The Army Corps said in a statement that it had set out the mining company’s plan to deal with the huge amount of rock and other aggregates displaced by the mine “does not comply with the guidelines of the Clean Water Act and [ACE] concluded that the proposed project was contrary to the public interest. This operation is based on all available facts and complies with applicable laws and regulations. This reflects a fair, flexible and balanced regulatory process. ”
John Shively, CEO of Pebble Limited Partnership, a U.S. subsidiary of the Canadian mining company Northern Dynasty Minerals, said in a statement that the government’s decision had “scared” him and promised he would appeal.
“Since the start of the federal review, our team has worked closely with USACE staff to understand their requirements for responsible project development, including changing the transportation corridor and redesigning the approach to wetland mitigation,” Shively said in a statement. “It is very embarrassing to have political influence in this process at the eleventh hour.”
The mining project generally divided Republicans and Alaskan politicians in favor of expanding domestic mineral production. President Donald Trump faced public pressure from Republicans, including donor Andy Sabin, CEO of Bass Pro Shops, Johnny Morris, Fox News commentator Tucker Carlson, and his eldest son, Donald Trump Jr., to block the project.
The mine’s outlook deteriorated further over the summer with the release of secretly recorded tapes featuring then-CEO of Pebble Limited Partnership, Tom Collier, boasting of how he would influence Alaskan politicians in the final support of the project. These prompted Lisa Murkowski (R-Alaska) and Dan Sullivan (R-Alaska) to reinforce their total resistance with the projection after sending mixed signals up to that point.
The 29-page official protocol of the Army Corps includes: the proposed elimination of wetlands, streams and other waters; [Corps] its jurisdiction does not exceed the damages caused by such terminations and changes, [final environmental impact statement], an analysis of the wide – ranging comments received and the review factors of public interest. “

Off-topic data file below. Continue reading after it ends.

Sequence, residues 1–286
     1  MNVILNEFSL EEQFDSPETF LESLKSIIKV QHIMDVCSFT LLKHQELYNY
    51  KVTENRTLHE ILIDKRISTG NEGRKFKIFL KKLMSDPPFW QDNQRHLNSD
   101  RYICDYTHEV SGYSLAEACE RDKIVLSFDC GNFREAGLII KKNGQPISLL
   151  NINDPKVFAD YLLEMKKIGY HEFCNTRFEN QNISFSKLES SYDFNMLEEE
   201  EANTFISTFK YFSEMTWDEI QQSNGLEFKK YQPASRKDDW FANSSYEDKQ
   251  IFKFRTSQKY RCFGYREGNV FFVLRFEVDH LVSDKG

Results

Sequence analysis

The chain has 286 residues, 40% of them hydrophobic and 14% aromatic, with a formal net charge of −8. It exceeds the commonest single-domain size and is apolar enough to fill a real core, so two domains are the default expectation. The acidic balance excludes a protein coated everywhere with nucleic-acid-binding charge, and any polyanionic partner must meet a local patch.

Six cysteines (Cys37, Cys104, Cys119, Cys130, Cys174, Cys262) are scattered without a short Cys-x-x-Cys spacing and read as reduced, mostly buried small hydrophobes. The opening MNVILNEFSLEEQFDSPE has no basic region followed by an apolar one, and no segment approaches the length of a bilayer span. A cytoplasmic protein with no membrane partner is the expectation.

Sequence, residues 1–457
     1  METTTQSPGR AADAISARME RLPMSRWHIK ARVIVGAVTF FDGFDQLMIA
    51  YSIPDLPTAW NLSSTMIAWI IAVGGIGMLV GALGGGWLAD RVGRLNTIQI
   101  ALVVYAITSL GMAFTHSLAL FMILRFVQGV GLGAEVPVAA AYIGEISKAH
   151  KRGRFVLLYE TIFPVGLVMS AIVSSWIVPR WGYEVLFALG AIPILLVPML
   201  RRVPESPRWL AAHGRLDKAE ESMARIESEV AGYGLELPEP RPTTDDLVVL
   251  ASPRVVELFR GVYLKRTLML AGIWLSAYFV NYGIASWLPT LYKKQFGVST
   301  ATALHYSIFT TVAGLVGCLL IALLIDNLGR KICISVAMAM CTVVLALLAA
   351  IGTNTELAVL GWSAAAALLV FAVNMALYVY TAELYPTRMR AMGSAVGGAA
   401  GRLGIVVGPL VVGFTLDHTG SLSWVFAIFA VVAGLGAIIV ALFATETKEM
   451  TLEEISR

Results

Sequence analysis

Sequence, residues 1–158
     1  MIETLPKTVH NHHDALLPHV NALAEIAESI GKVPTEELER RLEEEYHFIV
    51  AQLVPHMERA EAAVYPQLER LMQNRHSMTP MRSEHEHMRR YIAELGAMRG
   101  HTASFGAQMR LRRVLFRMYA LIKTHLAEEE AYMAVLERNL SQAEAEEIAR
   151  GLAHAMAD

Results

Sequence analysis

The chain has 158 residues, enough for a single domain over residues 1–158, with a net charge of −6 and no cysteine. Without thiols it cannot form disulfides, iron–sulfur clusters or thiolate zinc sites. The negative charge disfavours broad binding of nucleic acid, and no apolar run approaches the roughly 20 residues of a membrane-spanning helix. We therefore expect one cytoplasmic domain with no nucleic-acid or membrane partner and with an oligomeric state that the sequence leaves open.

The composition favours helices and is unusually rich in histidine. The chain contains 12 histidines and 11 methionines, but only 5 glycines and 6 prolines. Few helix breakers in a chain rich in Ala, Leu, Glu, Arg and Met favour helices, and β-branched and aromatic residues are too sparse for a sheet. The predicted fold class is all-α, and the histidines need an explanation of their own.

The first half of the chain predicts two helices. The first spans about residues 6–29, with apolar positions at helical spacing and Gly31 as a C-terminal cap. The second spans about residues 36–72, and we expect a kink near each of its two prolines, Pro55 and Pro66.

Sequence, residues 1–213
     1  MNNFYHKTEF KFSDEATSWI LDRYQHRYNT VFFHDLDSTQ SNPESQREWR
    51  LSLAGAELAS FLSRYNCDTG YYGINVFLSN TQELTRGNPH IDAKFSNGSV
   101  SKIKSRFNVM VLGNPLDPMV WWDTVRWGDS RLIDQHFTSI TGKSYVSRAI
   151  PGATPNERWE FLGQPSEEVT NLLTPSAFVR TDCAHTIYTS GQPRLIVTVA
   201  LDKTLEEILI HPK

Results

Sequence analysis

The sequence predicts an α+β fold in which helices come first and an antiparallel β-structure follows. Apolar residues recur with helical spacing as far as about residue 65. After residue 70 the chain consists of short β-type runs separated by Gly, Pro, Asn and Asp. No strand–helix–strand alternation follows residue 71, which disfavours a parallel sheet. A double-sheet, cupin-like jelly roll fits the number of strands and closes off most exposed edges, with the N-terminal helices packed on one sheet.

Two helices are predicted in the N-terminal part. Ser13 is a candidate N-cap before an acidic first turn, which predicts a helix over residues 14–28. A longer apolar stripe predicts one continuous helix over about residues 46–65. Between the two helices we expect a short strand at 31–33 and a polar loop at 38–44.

Environmental groups were happy with the move.
“For safety’s sake, this cherished area, the tribes and communities of Bristol Bay, and its wildlife and waters,” said Joel Reynolds, a lawyer with the Natural Resources Conservation Council. “This region has been surrounded by uncertainty about its fate for a decade, and this move recognizes that it has never been possible to mitigate the damage caused by the Pebble Mine.”
Reynolds called on the EPA to reject Pebble’s 404c permit application for “permanent protection” of the watershed.
Democrats, many of whom have been opposed to the project for years, quickly welcomed the announcement.
“I am pleased that the Engineering Directorate and the Army did the right thing in refusing permission for the Clean Water Act for the Gravel Bay project in Alaska’s Bristol Bay region,” Senator Joe Manchin (DW.Va.) said in a statement from the Energy Committee. “I understand the important role mining plays in our economy, but the final environmental impact assessment of the project was not close enough to provide me with this world-class sockeye salmon fishery that generates $ 1.5 billion a year and supports 14,000 jobs. protected.”
Alaska’s only congressman, Don Young (R-Alaska), said in a statement that he was “disappointed,” the process would not allow Alaskans to get enough involved, and blamed “outside extremists” for the decision.
“Now we need to consider how the federal government will compensate the state for the loss of economic potential,” Young said. “The proposed mine has always been subject to political intrigue and the whims of outsiders who simply do not understand our state.”
Zack Colman contributed to the report